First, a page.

New Ekonomistas post (in Swedish). Here is an English translation.
From 1995 to now, Swedish households’ debt relative to their disposable income has almost doubled, from about 90 percent of disposable income to about 170 percent. The Riksbank maintains that the higher debt relative to income has made the households more vulnerable. “[A]s household indebtedness is now very high the households are more vulnerable” is a typical statement. But during the same period, the households’ assets and net worth has approximately doubled relative to disposable income, and is now about 580 and 410 percent, respectively, of disposable income. Households have thus become twice as wealthy relative to disposable income. Have the Swedish households, with now twice as much wealth relative to income, really become more vulnerable, as the Riksbank seems to imply?
This issue is discussed in my paper ”Resilience, debt, and net worth: Has resilience increased with higher debt-to-income ratios.” To simplify and isolate the issue, I compare two households, household 1, which has a balance sheet similar to Swedish households’ current average debt, assets, and net worth relative to disposable income, and household 2, which has twice as large a balance sheet relative to disposable income (and thus twice as large debt, assets, and net worth relative to disposable income as household 1).
Table 1 and 2 show the two households’ balance sheets. Real assets refer to houses, cooperative flats, and summer homes. Financial assets exclude collective pensions, currently about 1.2 times disposable income. Household 1 has net worth equal to 4.1 times disposable income; household 2 has net worth equal to 8.2 times disposable income.
Which household has a larger resilience against different disturbances, household 1 or household 2? Assume that housing prices would fall by almost 20 percent, so real assets would fall by 0.6 times disposable income for household 1 and 1.2 times disposable income for household 2. Then households 1 and 2 get the new balance sheets shown in tables 3 and 4 (boldface denotes entries that differ from the corresponding ones in table 1 and 2).
For household 1, real assets and net worth have fallen to, respectively, 2.6 and 3.5 times disposable income; for household 2, they have fallen to, respectively, 5.2 and 7 times disposable income. Which of the two households have a larger resilience against the fall in housing prices? Is it really household 1, which has lower debt relative to disposable income?
One way to answer this question is to decide which of the two households you would like your own household to be, after the fall in housing prices. If there would be no fall in housing prices, it is pretty obvious that everyone would prefer to be household 2 rather than household 1. But what if a fall in housing prices would occur?
Personally, I would prefer to be household 2 rather than household 1, both before and after the fall in housing prices. It is true that household 2 looses more than household 1 relative to disposable income, 1.2 times disposable income compared to 0.6. But after the fall in housing prices, household 2 still has twice as large net worth as household 1, namely 7 times disposable income compared to 3.5. In other words, after the fall, household 2 is in a better situation than household 1.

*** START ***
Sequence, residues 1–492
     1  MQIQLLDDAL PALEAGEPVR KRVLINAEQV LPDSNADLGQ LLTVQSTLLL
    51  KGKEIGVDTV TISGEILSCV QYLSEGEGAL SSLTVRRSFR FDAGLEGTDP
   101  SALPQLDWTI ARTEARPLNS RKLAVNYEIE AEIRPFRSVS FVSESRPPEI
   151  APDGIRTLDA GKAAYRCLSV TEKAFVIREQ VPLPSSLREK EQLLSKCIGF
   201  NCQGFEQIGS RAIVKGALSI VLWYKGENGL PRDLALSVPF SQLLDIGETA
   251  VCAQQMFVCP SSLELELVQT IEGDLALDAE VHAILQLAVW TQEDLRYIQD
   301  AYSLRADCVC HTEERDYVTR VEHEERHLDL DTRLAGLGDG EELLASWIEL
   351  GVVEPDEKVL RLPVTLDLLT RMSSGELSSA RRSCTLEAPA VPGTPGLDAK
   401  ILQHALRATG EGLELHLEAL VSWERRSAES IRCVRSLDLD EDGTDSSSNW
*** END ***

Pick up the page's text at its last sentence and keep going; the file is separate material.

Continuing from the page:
To use net worth as a criterion like this means that assets and liabilities are given the same weight. Assume that, as a precaution, one gives double weight to liabilities as to assets. Then one can form a “resilience index,” that equals assets less two times the debt (equivalently, net worth less debt), relative to disposable income. Before the fall in housing prices, the resilience index is 11.6 – 2*3.4 = 4.8 times disposable income for household 2, 2.4 times disposable income for household 1. After the fall, it is 3.6 and 1.8 for household 2 and 1, respectively. According to the resilience index, that is, with double weight on debt, household 2 is still more resilient than household 1.
In my paper I also examine the resilience to a loss in income due to unemployment during a year. The conclusion is that household 2 is more resilient than household 1 for this disturbance, too. I also take into account the household’s “human capital,” the present value of their disposable income (including collective pensions) less necessary minimum household expenses. This is necessary to assess the response of consumption to disturbances, something that is also discussed in the paper and in this previous post. The conclusion is that the effect on consumption of a fall in housing prices is limited. It can be further reduced by a temporary expansionary monetary policy, with a lower policy rate, or with a low policy rate during a longer period.
It thus seems that the wealthier household is clearly more resilient to different disturbances and thus less vulnerable, in contradiction to what the Riksbank seems to imply. It is actually pretty obvious, that twice as wealthy Swedish households, with now twice as large debt, assets, and net worth compared to they had in 1995, can hardly have become more vulnerable. Instead, they are reasonably more resilient to different disturbances. Had their debt been larger at the expense of assets, it would have been different, but not when assets and net worth have increased at least as much as the debt. In order to assess households’ vulnerability, it is as usual not enough just to look at the debt, which is what the Riksbank seems to do. One has to look at the whole balance sheet and at the whole situation of the households.
The quotation in the first paragraph is from Stefan Ingves, “Monetary policy entails a balancing act,” speech in Luleå, December 4, 2012, page 1.